ParaNorman Review
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The ghostly animated adventure ParaNorman definitely isn’t lacking in book adaptations; there are various versions for kids of all ages and reading levels. But if you want to get the whole story, you’ll have to pick up the full novel adaptation by Elizabeth Cody Kimmel.

Eleven-year-old Norman Babcock isn’t normal. Just ask anyone who lives in the small New England town of Blithe Hollow—even Norman’s dad. No one believes that Norman can talk to the dead, but he can’t seem to escape them. They pop up everywhere, asking him to pass messages along to the living. The living, meanwhile, tend to avoid Norman whenever they can—because they think he’s just plain weird.

As it turns out, though, the living residents of Blithe Hollow might just need Norman’s help. According to Norman’s crazy old great-uncle, an evil witch has put a curse on the town—and, thanks to his special abilities, only Norman can stop her.

It may be filled with tales of ghosts and zombies and vengeful witches, but ParaNorman isn’t really the nightmare-inducing horror-fest that you might expect. Sure, the town of Blithe Hollow is best known for condemning a woman to death for witchcraft—an event that the town celebrates with gusto each year. And, as the witch sets out to exact her revenge on the townspeople, the characters find themselves racing through the cemetery, chased by the undead. Still, most of the ghosts here are perfectly harmless (and sometimes downright funny—like Norman’s straight-talking grandma). And both the band of pilgrim zombies and the angry witch, while pretty scary at first, turn out to be sympathetic characters in their own, other-worldly way.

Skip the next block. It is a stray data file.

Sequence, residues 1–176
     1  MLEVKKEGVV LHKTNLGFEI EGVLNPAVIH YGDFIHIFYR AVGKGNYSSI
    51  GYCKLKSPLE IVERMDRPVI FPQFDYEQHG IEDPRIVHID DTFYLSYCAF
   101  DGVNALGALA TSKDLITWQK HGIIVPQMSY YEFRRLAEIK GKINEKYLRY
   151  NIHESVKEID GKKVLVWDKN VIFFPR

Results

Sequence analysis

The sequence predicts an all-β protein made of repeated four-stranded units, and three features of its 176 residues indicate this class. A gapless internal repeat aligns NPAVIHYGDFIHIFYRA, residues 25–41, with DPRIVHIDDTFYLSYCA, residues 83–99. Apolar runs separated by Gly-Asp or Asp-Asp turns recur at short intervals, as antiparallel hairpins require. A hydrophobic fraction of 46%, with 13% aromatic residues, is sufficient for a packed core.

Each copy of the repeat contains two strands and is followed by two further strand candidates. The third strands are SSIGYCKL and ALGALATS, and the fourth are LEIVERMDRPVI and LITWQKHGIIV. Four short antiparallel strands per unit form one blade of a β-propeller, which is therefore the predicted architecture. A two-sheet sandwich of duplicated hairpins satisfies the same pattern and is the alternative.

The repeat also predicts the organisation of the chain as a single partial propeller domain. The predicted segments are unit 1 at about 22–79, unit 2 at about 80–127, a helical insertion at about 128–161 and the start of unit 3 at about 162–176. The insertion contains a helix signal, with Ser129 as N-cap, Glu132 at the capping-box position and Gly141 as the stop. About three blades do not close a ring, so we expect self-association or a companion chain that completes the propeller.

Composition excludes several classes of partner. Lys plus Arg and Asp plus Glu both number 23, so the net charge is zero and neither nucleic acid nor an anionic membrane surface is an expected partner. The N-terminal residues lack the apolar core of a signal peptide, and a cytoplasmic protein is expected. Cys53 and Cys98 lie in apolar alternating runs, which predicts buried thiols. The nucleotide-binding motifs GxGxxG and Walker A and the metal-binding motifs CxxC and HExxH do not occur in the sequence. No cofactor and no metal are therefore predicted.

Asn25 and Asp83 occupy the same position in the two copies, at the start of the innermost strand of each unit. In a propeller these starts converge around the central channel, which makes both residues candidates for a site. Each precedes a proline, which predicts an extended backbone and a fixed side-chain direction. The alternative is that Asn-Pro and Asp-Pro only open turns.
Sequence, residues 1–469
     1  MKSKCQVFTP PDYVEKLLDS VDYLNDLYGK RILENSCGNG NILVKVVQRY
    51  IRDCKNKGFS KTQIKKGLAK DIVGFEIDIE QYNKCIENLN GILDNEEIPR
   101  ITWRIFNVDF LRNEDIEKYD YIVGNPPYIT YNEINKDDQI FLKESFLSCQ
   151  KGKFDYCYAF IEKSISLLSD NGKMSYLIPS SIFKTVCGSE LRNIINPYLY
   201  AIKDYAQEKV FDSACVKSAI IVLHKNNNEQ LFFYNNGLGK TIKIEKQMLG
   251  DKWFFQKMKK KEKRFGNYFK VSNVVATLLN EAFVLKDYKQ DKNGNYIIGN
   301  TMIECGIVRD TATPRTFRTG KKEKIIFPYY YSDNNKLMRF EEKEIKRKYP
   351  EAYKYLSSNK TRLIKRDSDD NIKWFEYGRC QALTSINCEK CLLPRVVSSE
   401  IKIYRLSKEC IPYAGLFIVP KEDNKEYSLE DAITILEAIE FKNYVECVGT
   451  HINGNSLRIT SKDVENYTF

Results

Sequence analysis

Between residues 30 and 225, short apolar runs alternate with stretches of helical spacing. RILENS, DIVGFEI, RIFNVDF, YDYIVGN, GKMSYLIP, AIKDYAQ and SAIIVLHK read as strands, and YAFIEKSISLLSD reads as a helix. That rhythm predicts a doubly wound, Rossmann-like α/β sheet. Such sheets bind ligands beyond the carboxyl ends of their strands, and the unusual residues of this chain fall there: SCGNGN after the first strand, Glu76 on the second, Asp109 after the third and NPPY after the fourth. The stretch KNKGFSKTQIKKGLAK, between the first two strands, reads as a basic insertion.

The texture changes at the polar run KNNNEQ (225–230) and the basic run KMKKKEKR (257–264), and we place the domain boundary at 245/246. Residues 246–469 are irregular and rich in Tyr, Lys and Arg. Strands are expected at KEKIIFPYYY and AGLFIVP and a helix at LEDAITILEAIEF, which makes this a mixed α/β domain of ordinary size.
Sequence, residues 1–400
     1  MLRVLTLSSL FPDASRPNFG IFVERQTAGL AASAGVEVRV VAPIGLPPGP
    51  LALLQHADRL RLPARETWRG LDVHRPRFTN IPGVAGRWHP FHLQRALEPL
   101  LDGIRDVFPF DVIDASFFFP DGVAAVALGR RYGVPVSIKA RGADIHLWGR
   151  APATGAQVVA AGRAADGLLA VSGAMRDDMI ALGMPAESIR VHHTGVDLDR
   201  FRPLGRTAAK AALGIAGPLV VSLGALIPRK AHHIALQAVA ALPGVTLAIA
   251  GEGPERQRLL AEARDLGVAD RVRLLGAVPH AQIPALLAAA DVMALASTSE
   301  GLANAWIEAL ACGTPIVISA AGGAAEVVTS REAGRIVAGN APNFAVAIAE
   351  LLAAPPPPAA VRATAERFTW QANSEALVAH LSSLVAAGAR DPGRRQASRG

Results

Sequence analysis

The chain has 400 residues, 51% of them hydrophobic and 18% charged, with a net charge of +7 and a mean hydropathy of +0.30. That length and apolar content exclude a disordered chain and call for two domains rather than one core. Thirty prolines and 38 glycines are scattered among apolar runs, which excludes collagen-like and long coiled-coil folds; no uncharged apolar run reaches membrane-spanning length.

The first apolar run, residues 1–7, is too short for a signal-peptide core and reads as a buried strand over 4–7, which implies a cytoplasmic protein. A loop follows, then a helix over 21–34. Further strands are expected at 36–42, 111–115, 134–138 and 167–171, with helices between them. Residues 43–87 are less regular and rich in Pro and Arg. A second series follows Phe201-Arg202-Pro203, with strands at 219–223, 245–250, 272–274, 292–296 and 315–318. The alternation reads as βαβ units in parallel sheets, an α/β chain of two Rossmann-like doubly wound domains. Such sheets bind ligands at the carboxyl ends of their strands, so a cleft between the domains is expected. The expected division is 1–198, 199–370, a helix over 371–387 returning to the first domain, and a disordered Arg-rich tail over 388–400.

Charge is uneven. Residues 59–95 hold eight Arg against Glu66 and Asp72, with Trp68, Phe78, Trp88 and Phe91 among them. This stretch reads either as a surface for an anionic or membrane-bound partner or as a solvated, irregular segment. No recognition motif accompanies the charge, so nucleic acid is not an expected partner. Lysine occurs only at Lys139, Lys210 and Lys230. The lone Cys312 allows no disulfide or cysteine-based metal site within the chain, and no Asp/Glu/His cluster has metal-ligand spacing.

Author Elizabeth Cody Kimmel also gives the book a light and easy-going tone that’s perfectly suited for young readers. So while there’s plenty of paranormal action and suspense, it’s presented in an entertaining way that will most likely stave off any zombie-filled nightmares.

The quirky characters, meanwhile, add to the fun. Though Norman is rather moody and standoffish in the beginning—avoiding other people almost as much as they avoid him—he eventually grows into a lovable young hero. By the end of the story, he manages to stand up for himself and face his fears. He even makes a few friends in the process—friends like enthusiastic Neil and brainy Salma. And although his obnoxious big sister, Courtney, is really more interested in boys (and covering her own butt) than in her weird little brother, even she learns to appreciate his differences in the end.

Kids will love ParaNorman for its adorably oddball characters and its spooky suspense. At the same time, though, they’ll also learn a subtle lesson about embracing the things that make them—and other people—different. And that makes it a worthwhile read—one that parents and kids can enjoy together.

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